Sleep-related breathing disorders are frequently encountered among United States veterans with posttraumatic stress disorder (PTSD).1 Veterans having PTSD suffer from nonrestorative sleep and nightmares leading to heightened state of arousal and anxiety, increased severity of depression, and poor quality of life.2 Accruing evidence suggests that patients with PTSD are at higher risk for sleep-disordered breathing than the general population.3,4 In a series of studies looking at postdeployment combat veterans with PTSD, rates of overall sleep disturbance symptoms approached 90%, with up to 70% considered to be at high risk for OSA.5,6 Concomitant sleep disorders have been shown to independently worsen outcomes. Compared with patients without sleep complaints, patients with PTSD and coexisting sleep disorders experience higher rates of suicidality,7 psychiatric distress,3 and substance abuse.


Current Knowledge/Study Rationale: In veterans with posttraumatic stress disorder (PTSD), the disturbed sleep can worsen the cognitive-behavioral manifestations of PTSD and contribute to poor mental and physical health outcomes. Because adherence to treatment with CPAP is less than optimal in this population, this study was undertaken to examine the clinical efficacy, compliance, and quality of sleep of mandibular advancement devices (MAD) compared to CPAP in veterans with OSA and PTSD.

Study Impact: Although CPAP is more efficacious in eliminating respiratory events, both MAD and CPAP result in similar beneficial changes in daytime sleepiness, PTSD symptomatology, and health-related quality of life measures in veterans with OSA and PTSD.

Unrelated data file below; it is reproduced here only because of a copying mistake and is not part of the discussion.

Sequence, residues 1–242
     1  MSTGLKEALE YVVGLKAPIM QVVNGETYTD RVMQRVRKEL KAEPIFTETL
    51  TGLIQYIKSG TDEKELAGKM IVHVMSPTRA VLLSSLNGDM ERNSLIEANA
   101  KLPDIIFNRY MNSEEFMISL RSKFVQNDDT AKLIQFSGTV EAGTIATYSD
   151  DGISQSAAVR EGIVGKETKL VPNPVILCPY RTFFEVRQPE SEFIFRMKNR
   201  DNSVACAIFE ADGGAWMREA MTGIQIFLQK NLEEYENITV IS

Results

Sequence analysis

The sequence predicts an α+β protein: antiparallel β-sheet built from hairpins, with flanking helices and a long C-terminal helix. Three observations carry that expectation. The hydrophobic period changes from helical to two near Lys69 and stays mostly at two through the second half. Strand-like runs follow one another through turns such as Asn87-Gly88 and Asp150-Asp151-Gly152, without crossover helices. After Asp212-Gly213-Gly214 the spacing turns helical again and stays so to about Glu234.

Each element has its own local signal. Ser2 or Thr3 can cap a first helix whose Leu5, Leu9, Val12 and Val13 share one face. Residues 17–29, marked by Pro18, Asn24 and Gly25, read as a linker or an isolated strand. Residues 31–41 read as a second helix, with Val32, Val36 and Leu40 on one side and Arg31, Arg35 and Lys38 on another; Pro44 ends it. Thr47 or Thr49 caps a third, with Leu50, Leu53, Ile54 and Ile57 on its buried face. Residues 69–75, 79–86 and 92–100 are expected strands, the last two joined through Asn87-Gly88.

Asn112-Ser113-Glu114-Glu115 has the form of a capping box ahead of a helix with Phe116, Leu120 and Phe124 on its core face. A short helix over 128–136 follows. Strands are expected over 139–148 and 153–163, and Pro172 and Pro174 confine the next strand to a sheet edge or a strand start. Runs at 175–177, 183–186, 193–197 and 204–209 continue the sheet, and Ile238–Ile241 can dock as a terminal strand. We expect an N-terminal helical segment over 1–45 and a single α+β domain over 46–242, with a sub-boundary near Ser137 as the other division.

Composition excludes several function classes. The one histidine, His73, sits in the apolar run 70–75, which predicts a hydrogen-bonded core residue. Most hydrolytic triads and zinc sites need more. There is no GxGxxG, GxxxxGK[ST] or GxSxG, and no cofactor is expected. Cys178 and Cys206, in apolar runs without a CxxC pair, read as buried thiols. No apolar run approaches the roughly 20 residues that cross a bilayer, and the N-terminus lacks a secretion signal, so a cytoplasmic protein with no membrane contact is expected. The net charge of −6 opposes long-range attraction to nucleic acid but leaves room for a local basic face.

Continuous positive airway pressure (CPAP) remains the preferred treatment for OSA. The benefits of using CPAP therapy extend beyond the recognized improvement in excessive daytime sleepiness, cognitive function, and cardiovascular parameters in patients with PTSD. Recent clinical investigations suggest that treatment of OSA in veterans with PTSD may improve the underlying psychological disturbances and reduce nightmares.4,8,9 However, despite the overall improvement in PTSD symptomatology with CPAP therapy, adherence to treatment is far worse in these patients compared with the general population with OSA.10,11 The reasons behind this poor adherence have not been thoroughly investigated but anxiety disorder, nightmares, claustrophobia, and comorbid insomnia have been implicated in low CPAP usage. Additionally, the CPAP mask may act as a reminder of war imagery that leads to a significant number of patients to refuse using it. Mandibular advancement devices (MAD) have been used as an alternative treatment for CPAP-intolerant patients and proven beneficial in mild to moderate cases of OSA without PTSD. Moreover, MAD is a more preferred therapy than CPAP treatment.12,13 Yet, the efficacy of this treatment modality has not been examined in patients with PTSD and OSA.

We hypothesized that MAD is not inferior to CPAP in eliminating apneic events, improving quality of life (QOL) measures, and ameliorating PTSD symptoms in veterans with PTSD and concomitant OSA. Therefore, we conducted a pragmatic randomized crossover trial of 12 weeks of CPAP and 12 weeks of MAD in 42 consecutive outpatients with PTSD and newly diagnosed OSA with the aim of comparing efficacy, reported side effects, adherence, and preference of both MAD and CPAP. We also examined the effectiveness of these 2 treatments using the PTSD Checklist,14 the Pittsburgh Sleep Quality Index (PSQI),15 and a generic Medical Outcomes Study 36-Item Short Form (SF-36).16